It Was Only a Small Fib
by Jeffrey W. Hamilton
I have concluded that much of the work of psychologists, psychoanalysts, and even philosophers is to help mankind remove the guilt and shame from their actions. People don't want to hear that their actions are wrong; their conscience is bothering them enough, thank you very much! They want to be absolved; they want to be justified; they want to be told that the matter isn't as bad as they thought. If this is what you are looking for, you have come to the wrong place. "I solemnly charge you in the presence of God and of Christ Jesus, who is to judge the living and the dead, and by His appearing and His kingdom: preach the word; be ready in season and out of season; reprove, rebuke, exhort, with great patience and instruction. For the time will come when they will not endure sound doctrine; but wanting to have their ears tickled, they will accumulate for themselves teachers in accordance to their own desires; and will turn away their ears from the truth, and will turn aside to myths. But you, be sober in all things, endure hardship, do the work of an evangelist, fulfill your ministry." (II Timothy 4:1-5)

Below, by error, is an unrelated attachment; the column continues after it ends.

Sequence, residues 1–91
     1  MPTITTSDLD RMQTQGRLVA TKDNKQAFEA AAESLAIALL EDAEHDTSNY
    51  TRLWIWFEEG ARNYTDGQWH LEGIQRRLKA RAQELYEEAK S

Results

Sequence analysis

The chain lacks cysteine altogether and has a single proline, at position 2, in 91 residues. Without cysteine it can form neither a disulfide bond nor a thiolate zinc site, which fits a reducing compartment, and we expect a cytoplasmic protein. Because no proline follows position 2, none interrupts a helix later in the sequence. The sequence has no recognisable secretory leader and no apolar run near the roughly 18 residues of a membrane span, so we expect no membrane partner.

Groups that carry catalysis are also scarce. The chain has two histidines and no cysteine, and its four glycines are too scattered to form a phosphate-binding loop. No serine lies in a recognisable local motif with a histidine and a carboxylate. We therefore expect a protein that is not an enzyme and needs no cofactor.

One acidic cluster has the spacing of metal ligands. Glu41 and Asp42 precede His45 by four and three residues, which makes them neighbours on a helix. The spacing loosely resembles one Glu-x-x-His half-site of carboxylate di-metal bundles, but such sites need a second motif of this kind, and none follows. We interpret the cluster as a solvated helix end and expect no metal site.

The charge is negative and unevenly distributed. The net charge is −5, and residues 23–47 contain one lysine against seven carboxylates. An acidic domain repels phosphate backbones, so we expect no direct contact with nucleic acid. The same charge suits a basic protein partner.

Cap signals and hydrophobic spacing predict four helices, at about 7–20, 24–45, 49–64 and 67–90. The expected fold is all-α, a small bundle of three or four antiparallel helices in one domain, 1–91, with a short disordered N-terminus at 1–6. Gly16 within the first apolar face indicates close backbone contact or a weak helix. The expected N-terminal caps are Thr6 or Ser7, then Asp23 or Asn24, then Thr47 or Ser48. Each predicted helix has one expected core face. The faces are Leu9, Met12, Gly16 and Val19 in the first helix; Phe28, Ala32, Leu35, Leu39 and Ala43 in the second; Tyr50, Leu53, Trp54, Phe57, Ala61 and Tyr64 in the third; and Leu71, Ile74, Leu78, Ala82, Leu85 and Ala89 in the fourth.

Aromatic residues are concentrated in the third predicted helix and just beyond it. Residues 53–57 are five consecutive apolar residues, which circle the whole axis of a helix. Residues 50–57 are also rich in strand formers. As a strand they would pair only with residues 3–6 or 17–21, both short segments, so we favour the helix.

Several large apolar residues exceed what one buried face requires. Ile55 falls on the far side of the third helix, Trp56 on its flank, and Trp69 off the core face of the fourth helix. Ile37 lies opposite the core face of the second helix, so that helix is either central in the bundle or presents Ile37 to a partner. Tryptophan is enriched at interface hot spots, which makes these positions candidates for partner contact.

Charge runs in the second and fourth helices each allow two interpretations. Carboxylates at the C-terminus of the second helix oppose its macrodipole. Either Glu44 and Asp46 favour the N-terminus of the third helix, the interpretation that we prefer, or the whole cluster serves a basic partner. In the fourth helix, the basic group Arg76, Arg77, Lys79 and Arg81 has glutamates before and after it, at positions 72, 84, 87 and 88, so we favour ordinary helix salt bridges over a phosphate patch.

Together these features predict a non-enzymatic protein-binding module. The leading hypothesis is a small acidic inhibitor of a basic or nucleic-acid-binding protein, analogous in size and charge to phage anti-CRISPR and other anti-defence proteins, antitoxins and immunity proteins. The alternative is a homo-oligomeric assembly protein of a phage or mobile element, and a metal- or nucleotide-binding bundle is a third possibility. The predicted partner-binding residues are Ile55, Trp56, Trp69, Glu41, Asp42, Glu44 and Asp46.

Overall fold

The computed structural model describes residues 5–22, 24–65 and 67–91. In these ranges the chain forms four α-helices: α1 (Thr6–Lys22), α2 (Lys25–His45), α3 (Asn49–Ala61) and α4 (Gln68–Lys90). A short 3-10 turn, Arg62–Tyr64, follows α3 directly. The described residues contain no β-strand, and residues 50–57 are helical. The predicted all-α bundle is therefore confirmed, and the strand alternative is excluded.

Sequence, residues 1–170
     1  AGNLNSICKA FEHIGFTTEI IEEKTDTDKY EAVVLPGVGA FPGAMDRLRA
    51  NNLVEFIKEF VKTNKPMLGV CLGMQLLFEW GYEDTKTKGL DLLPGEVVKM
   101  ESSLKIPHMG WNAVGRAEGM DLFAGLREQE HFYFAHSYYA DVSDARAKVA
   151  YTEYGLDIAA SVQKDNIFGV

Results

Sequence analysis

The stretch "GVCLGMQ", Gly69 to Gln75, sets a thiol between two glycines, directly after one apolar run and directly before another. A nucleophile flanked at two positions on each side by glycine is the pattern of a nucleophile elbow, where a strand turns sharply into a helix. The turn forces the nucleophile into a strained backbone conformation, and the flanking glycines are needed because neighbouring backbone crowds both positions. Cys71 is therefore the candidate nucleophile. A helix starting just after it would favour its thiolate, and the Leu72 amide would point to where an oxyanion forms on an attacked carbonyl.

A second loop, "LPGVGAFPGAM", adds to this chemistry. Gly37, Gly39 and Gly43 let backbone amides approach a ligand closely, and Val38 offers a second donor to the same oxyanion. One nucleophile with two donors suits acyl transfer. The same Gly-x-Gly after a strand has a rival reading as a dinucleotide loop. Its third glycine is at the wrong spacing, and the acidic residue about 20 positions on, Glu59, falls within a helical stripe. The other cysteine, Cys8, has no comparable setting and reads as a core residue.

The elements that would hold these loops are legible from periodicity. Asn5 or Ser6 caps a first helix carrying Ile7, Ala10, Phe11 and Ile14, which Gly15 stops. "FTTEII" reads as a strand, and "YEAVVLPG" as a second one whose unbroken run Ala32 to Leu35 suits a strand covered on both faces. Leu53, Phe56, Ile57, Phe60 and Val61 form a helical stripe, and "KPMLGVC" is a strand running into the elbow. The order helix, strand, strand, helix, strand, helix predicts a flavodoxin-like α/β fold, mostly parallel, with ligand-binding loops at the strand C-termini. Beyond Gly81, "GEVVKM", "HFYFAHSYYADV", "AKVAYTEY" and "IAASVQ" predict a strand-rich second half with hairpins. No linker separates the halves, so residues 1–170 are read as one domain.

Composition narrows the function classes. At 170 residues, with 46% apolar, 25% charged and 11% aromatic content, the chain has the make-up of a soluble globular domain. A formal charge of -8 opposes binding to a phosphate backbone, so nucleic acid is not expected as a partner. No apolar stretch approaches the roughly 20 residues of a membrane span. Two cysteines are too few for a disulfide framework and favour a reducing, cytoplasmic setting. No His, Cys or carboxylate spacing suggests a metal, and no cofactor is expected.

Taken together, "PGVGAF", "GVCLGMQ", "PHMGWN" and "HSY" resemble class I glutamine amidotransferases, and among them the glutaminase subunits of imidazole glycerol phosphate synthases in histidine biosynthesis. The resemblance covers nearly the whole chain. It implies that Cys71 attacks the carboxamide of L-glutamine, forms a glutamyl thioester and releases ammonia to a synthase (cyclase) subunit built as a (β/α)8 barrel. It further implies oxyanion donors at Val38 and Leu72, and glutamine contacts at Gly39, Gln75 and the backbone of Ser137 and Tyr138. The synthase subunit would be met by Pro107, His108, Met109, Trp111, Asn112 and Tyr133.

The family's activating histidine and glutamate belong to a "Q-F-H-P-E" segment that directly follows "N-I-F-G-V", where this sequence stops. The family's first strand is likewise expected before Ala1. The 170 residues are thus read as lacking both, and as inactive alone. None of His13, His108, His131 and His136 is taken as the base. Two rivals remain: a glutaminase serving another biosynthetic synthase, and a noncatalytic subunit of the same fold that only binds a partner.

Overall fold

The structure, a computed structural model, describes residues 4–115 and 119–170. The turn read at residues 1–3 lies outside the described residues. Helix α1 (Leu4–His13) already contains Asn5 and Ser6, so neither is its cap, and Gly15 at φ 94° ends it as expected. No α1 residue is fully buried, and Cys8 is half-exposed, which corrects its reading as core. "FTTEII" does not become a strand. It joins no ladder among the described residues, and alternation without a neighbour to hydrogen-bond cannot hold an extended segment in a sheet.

We have reached a point in our society where people cannot stand the truth. For example, President Clinton and his wife, Hilary, have been caught numerous times telling blatant lies. Yet, people are upset when people refer the Clintons as liars. "You can't call the leader of this great nation liars!" we are told. What should they be called? Inhibited truth seekers? Actually, these protestors want nothing to be said at all. They would rather not think about the implications of having a leader who is not trustworthy.